“It was so boring,” Tatiana Maslany laughs to FilmInk at The Cannes Film Festival about working on her latest film, Two Lovers And A Bear. Before you think that this is a rare case of an actor actually throwing shade at the film that they’re promoting, back up a minute. Maslany is just responding to the question of what it was like to play one character in a film as opposed to the seven that she essays on her hit TV series, Orphan Black. “It was nice to live with one character for two months, as opposed to shifting around. I came right off the series, and went straight into Two Lovers And A Bear, so it was a relief to play one character for a bit! Orphan Black is taxing for my brain! It’s a lot of shifting around, so when I got to go to the Arctic and shoot this one character, and sit with her for two months, it was such a calming experience.”
Born in Regina, Saskatchewan, Maslany spent five years in relative obscurity toiling ceaselessly in Canadian movies. But then out of the blue, the young actress shot forth like a thunderbolt, delivering a performance – or rather, seven performances – in Orphan Black (which made its debut in 2013) that knocked everyone’s socks off. In the acclaimed TV series, she plays seven different characters, or more accurately, one character and her six clones. “I would never have gotten to do Two Lovers And A Bear if it hadn’t been for Orphan Black,” Maslany admits of her star-making TV show. “It’s given me such a foot in the door. I can audition now, and show my work. There’s something about having that kind of visibility. Being able to come here to Cannes is amazing, and Orphan Black has really opened doors for me.”
Directed by Kim Nguyen (the acclaimed War Witch), the singular and highly unusual Two Lovers And A Bear follows Roman (Dane DeHaan) and Lucy (Maslany), a troubled, fearful couple who flee the boredom of their tiny hometown near The North Pole, and head dangerously into the wilderness. “It’s such a unique story,” says Maslany. “It’s so surreal, and darkly funny, and the prospect of shooting in the Arctic was terrifying and exciting. The character was so layered, and there was such an emotional weight to her. That was something that I really wanted to explore, and it was so nice to see a story that was so simply told, about two people, running from their past, and what that is, and everything that it entails, against this poetic backdrop. It was really intriguing to me.”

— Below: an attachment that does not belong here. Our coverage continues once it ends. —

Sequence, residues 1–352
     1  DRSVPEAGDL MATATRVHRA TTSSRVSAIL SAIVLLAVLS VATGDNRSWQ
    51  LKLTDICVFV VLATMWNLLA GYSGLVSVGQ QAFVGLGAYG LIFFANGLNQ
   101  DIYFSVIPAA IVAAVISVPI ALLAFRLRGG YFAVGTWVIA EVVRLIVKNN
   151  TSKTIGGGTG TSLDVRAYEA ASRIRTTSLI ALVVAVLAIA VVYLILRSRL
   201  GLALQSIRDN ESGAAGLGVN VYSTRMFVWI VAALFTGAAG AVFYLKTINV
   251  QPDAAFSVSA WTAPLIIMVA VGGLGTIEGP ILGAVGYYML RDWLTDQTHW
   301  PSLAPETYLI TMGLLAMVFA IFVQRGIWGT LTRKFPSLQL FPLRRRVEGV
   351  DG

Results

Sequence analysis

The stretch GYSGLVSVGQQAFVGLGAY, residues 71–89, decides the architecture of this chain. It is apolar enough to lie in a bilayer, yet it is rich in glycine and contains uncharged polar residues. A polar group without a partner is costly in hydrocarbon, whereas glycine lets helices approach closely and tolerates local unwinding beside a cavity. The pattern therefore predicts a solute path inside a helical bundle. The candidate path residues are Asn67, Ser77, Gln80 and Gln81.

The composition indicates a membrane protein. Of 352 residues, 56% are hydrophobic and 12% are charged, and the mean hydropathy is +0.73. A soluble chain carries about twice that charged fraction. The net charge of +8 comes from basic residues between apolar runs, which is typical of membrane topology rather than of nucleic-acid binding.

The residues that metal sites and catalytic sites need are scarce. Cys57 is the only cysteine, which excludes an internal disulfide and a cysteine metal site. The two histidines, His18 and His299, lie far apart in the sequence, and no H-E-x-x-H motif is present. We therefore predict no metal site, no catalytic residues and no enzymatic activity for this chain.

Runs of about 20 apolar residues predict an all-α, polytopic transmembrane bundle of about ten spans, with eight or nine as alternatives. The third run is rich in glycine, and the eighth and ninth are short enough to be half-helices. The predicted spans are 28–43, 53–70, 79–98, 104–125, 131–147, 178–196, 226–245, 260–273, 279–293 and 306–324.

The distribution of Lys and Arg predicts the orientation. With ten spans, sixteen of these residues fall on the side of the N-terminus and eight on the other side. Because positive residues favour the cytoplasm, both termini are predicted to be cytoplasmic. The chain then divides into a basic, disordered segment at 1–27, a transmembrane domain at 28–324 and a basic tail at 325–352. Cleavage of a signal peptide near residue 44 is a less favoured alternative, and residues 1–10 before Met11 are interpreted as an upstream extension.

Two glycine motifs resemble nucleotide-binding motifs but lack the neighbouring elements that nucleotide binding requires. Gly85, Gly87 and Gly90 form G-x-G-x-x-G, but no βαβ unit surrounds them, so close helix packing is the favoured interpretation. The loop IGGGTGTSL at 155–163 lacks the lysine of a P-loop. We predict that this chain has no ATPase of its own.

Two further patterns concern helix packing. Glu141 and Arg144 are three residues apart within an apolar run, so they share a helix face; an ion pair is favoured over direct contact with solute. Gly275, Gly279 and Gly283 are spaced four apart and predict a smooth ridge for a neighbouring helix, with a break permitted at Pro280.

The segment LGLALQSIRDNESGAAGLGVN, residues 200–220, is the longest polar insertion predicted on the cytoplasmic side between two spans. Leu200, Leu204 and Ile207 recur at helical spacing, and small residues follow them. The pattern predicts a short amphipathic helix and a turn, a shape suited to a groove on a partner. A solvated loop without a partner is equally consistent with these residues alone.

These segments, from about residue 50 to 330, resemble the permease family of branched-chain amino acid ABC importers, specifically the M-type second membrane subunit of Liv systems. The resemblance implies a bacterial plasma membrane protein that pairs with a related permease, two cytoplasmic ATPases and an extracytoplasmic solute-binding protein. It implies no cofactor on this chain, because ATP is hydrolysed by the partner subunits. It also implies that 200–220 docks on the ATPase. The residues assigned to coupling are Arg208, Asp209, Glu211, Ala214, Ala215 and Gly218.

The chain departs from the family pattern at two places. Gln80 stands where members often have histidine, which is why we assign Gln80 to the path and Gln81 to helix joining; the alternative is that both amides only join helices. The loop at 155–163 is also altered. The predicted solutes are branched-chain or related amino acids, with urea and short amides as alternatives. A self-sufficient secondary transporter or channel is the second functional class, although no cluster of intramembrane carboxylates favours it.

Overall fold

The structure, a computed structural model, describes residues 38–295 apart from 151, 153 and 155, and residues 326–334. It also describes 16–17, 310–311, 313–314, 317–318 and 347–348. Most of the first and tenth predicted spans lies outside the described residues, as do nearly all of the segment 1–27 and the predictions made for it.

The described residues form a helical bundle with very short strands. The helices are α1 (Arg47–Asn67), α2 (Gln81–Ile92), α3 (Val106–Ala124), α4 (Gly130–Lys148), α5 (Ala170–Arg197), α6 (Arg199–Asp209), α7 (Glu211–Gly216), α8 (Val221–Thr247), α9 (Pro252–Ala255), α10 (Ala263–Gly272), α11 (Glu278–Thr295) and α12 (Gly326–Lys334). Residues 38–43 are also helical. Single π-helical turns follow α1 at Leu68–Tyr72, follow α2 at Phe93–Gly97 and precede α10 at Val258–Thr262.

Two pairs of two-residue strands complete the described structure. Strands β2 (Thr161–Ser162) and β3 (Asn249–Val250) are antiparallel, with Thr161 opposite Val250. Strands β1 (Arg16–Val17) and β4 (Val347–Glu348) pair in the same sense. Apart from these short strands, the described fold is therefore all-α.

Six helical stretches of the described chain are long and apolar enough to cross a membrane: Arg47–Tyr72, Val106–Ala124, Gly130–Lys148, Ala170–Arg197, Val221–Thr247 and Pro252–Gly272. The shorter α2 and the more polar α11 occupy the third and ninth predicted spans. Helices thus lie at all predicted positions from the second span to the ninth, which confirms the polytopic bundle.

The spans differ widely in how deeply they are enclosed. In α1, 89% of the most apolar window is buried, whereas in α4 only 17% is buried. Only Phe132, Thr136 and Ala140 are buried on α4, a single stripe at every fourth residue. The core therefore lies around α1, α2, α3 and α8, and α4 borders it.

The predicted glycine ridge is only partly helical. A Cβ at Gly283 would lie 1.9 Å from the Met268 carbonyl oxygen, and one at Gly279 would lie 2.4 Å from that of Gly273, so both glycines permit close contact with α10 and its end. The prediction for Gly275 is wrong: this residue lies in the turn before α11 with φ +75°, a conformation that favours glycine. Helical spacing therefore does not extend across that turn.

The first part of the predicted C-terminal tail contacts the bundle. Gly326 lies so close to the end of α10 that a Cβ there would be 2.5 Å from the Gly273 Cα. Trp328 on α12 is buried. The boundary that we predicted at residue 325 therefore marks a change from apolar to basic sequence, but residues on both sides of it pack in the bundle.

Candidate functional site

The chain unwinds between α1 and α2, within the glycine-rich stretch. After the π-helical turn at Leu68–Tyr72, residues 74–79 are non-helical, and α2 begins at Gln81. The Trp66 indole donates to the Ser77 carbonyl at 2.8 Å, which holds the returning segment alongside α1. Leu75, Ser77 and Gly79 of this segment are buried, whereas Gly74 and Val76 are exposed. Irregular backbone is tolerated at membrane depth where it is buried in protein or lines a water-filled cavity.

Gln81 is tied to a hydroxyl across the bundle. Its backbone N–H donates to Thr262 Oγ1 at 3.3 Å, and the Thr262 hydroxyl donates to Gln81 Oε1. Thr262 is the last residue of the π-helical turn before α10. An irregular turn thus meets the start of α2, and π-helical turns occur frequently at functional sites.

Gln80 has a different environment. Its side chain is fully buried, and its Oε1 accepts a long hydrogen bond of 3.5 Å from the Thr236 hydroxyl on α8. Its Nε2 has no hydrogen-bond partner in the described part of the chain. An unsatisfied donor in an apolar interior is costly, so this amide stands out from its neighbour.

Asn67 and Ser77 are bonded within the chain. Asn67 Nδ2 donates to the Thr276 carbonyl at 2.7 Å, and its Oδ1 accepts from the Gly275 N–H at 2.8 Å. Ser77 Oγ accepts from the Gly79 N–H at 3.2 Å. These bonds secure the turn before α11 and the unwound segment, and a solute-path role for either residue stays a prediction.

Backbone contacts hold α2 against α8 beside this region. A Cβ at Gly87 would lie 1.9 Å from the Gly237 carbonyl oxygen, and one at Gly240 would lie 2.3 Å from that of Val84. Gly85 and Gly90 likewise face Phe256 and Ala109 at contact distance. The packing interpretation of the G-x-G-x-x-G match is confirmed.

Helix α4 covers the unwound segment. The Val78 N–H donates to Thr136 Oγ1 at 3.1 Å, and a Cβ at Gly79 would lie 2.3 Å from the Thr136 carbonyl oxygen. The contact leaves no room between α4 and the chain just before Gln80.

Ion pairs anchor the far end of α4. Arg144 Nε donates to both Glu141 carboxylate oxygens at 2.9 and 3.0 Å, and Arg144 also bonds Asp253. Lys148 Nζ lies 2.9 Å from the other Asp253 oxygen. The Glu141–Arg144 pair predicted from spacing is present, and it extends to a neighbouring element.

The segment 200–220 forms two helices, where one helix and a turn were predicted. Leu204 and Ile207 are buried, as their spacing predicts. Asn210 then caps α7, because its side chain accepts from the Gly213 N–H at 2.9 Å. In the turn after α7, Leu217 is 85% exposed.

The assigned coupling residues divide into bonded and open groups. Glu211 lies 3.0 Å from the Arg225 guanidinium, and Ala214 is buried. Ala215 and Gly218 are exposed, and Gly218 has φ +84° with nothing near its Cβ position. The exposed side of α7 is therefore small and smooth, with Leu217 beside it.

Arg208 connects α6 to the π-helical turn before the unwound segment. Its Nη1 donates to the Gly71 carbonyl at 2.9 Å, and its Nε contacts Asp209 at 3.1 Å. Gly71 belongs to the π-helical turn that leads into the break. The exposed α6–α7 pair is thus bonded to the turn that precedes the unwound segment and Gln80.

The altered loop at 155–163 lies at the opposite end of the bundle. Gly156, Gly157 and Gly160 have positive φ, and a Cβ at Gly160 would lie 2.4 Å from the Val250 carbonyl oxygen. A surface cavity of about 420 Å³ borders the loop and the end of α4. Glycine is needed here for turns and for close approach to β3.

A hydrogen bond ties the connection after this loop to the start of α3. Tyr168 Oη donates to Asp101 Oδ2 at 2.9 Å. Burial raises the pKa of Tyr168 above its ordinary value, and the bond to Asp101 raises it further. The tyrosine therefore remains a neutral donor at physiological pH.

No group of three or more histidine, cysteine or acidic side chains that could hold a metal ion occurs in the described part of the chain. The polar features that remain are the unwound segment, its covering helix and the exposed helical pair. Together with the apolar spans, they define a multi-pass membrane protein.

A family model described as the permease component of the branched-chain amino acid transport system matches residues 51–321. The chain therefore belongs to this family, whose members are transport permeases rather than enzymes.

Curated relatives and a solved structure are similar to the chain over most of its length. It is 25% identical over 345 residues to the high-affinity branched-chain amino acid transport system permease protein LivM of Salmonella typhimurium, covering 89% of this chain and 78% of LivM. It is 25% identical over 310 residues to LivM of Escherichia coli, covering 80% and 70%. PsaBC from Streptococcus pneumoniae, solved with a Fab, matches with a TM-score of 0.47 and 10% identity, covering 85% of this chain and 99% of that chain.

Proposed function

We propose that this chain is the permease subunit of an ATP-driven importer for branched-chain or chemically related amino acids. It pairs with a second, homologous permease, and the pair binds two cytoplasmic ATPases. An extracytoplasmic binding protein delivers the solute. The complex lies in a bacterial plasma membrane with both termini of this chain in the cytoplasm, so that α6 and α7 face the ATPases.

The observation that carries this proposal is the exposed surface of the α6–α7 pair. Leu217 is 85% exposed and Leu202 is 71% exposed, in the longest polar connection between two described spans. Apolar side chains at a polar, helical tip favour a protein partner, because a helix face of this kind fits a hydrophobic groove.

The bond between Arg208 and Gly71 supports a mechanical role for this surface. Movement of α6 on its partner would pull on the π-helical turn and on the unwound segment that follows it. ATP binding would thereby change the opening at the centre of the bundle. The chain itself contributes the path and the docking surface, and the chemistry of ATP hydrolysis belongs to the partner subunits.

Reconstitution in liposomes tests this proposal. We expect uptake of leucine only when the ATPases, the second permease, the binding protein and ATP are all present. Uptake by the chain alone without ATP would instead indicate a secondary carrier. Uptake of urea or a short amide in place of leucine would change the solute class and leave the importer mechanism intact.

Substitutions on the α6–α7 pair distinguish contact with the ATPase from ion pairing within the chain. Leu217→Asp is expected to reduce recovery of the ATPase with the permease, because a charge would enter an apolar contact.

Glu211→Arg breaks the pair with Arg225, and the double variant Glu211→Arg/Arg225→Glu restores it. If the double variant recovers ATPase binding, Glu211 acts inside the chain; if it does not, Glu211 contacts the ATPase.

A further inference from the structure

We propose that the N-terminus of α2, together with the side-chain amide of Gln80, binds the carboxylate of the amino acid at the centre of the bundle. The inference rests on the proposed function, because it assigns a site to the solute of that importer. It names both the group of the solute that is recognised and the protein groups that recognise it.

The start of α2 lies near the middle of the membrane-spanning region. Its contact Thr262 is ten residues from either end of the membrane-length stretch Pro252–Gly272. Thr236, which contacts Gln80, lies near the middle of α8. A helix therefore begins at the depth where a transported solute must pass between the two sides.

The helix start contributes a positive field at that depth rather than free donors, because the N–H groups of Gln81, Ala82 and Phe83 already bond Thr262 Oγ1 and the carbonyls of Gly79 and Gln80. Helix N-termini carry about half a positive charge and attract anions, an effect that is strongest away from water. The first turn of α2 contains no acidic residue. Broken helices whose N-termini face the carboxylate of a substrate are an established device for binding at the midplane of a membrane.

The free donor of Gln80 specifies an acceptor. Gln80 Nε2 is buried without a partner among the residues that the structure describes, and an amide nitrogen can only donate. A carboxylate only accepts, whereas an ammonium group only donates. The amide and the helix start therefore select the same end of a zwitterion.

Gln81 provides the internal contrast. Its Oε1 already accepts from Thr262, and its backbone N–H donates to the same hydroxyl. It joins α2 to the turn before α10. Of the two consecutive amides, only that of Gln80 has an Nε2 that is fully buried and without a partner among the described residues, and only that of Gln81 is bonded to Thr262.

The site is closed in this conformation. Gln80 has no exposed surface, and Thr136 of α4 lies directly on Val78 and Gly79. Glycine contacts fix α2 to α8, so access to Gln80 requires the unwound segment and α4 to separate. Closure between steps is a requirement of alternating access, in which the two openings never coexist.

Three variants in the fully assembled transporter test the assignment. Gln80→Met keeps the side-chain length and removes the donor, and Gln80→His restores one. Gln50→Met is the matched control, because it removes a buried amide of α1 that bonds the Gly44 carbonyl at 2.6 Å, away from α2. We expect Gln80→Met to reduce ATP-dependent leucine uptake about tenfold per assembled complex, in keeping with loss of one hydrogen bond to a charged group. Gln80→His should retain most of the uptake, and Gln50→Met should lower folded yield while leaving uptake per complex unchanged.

With its harsh environment and surprising plot detours (Roman and Lucy do eventually encounter, yes, a polar bear, voiced, no less, by legendary Canadian thesp, Gordon Pinsent), Two Lovers And A Bear seems to prove that Maslany is pulled towards unusual projects. Where does this need for artistic extremity come from? “I don’t know,” she laughs. “It’s very true! I had a pretty easy childhood. I think that I’m interested in characters that are going through something that I can learn something from, and that I can understand better. I’m fascinated by what makes people who they are, and the psychology behind our behaviour, and why we do what we do. But I don’t know why I’m interested in these extreme experiences. Maybe it’s just because my life is so chilled out,” she laughs.
Maslany has actually been dancing with this kind of artistic extremity for many years, and is well known for her participation in the Canadian Improv Games, where urgent and immediate thinking is part of the game. “Improv is invaluable,” she says of the impact that this has had on her career. “The whole thing about improv is saying, ‘Yes’, and being present in a moment, and working with your scene partner to create something together. You don’t know where it’s going to go, and that sense of the unknown is a fun thing to play with as an actor. It’s all about being open to whatever the moment dictates, and whatever the moment needs. Improv is the best training drill for an actor.”
When did Maslany know that she wanted to be an actor? “Well, I started when I was like nine-years-old,” she replies. “So I was always performing. It was always part of my life. I worked in film, and I worked in TV and theatre, but when I moved to Toronto, that’s when I was like, ‘Oh, this is what I want to do with my life!’ I shifted gears, and it was less about playing around, and it was more like, ‘I’m going to start training.’ I didn’t go to drama school, but I trained with a lot of different teachers, in Toronto and LA, and I keep doing that, because I love training.”
That training is paying off, with Tatiana Maslany now getting big time recognition for her work on Orphan Black, and for her daring decisions to take on difficult projects like Two Lovers And A Bear. “Sometimes people will stop me in the street and say that they like Orphan Black, or that this character is their favourite, or whatever,” the actress smiles. “It’s so nice to have that…it’s awesome. It doesn’t feel invasive or anything, it’s just like, ‘Oh, whoa, you’ve seen the show?’” Maslany laughs. “When we first started the series, we didn’t have any clue that people were going to watch it! We had no idea that it was going to have this groundswell of appreciation. Then you go to ComicCon, and you experience that, and you go, ‘Oh, Jesus, people have seen it, and they love the characters!’ They’re dressed as the characters, which is pretty cool! I’m a huge fan of things too, so it’s nice to experience the other side of it.”
Two Lovers And A Bear will be released later this year. Orphan Black: Season 4 will be released on Blu-ray, DVD, and Digital on July 27.